Gardaí were last night searching a house in Co Louth where they believe a tragic 17-year-old boy was murdered in a «savage attack» before his body parts were dumped across Dublin’s northside.
DNA testing yesterday confirmed the human limbs found in a holdall dumped in an estate in Coolock on Monday night were those of Keane Mulready-Woods, who had been missing since last Sunday.
A major manhunt is continuing for the teenager’s killers after his severed head was discovered in a burnt-out stolen car at 1.30am yesterday in the Drumcondra area.
Last night, detectives had not found the chief suspect in the case — a hitman who had close links to Richie Carberry (39), who was shot dead in Bettystown, Co Meath, in November.
The north Dublin criminal is considered a «psychopath» and «serial killer» by gardaí.
One line in the investigation is that the Drogheda teenager was abducted, murdered and mutilated because one of his associates was blamed for Carberry’s murder.
It is further claimed that threats were made to the Dublin criminal about children known to him that led to the gruesome plot to murder the 17-year-old boy.
In a further development, a video of a balaclava-wearing thug — believed to be the son of one of the chief suspect’s other murder victims — was posted online last night. In the chilling video, the thug, dressed all in black, can be seen pointing a gun at the camera and threatening to kill the notorious hitman.
A house in the Rathmullen Park area of Drogheda remained sealed off last night with senior sources revealing that «is very much the most likely» location where Keane was murdered.
Detectives are investigating the probability that the teenager may have been brought to the location and attacked there. Blood has been found at the property, the Irish Independent can reveal.
Senior sources have revealed there was no sign of trauma on the victim’s head, which was found in the boot of a burning car on a laneway at Trinity Terrace off Clonliffe Avenue, Dublin.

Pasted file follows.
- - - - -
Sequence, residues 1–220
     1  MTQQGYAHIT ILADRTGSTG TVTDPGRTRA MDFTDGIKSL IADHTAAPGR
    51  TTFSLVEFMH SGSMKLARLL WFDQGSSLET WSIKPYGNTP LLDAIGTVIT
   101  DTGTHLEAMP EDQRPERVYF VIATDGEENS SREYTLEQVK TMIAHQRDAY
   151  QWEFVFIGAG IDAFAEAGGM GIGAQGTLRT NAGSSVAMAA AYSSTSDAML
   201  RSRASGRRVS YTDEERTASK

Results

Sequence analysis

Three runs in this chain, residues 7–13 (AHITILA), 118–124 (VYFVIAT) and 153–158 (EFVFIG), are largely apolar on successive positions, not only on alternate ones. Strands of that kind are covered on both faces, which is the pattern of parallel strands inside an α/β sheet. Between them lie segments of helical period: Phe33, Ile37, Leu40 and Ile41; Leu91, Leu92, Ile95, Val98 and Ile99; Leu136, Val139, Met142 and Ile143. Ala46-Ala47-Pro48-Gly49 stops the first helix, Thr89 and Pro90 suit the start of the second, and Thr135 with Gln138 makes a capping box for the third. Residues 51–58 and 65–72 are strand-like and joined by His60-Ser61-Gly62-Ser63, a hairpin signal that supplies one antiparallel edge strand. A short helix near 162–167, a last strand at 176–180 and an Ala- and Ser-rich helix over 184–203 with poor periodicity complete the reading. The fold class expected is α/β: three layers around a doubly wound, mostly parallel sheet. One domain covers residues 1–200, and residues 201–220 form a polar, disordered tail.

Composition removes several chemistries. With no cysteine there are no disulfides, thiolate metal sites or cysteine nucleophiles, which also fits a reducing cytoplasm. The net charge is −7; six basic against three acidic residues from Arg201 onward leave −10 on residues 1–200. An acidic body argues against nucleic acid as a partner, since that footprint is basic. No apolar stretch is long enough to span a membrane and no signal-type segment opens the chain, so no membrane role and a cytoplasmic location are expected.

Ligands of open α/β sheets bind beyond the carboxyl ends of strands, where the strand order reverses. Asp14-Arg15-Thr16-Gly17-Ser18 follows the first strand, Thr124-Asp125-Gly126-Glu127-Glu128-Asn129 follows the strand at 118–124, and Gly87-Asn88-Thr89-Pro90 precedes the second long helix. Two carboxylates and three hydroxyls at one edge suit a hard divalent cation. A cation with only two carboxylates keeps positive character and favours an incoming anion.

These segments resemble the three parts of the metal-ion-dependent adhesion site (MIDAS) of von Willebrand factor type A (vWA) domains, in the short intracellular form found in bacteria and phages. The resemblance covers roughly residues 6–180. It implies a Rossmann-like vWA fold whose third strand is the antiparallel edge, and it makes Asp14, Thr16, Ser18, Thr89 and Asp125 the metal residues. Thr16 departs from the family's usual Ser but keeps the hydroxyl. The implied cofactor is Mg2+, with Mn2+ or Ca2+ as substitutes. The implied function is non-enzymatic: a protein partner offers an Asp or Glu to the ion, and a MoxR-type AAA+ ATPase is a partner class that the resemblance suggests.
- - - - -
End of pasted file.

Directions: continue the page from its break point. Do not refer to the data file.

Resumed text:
On Monday night, the teen’s limbs were found dumped in a large sports bag in Coolock.
The grim discovery was made by children in the Moatview area.
Most of the victim’s torso has not yet been recovered but gardaí believe it is that part of his body that he suffered fatal wounds.
Hours before the grim discovery in Coolock, gardaí had received intelligence that Keane had been murdered and that his body had been mutilated by sick gang rivals.
There had even been reports that his head was to be delivered to gang boss Cornelius Price, who is the bitter rival of the 35-year-old chief suspect in the case, on Monday as a «major warning».
The last known contact Keane is known to have made with his family is a phone call made to a woman at 7pm on Sunday. He was reported missing by his family on Monday morning and shortly after gardaí received intelligence that he had been murdered.
There have been no arrests so far but extensive searches were being carried out in Drogheda yesterday as the investigation into the murder continued.
Confirming the human remains were those of Keane, Drogheda’s Garda Chief Christy Mangan said: «This is a brutal and savage attack on a child — it is completely unacceptable in any normal democratic society.
«It is important to remember that Keane was a child, a young boy trying to find his way of life. He has now lost his life and his family have lost their loving son.
«We’re there to protect and serve the public, but there are a number of groups who are interested in controlling certain parts of society and their own lifestyles through drugs and intimidation.
«We’re not going to allow that to happen.
«We’re there to protect the people of Drogheda and will certainly do that in a very robust fashion.»
Last night, senior sources said Keane had «got in way above his head» in relation to his criminal associations.
«He was only due to turn 18 next month but his criminal conduct was far more serious than you would expect of anyone that age,» a senior source said.
He was given a suspended four-month jail sentence last year at the local district court for a terrifying campaign of intimidation and harassment against a local family and is also known to gardaí for minor drugs and road traffic offences.
Michael Router, Auxiliary Bishop of the Archdiocese of Armagh, which includes Drogheda, said: «There are people living amongst us with blood on their hands.»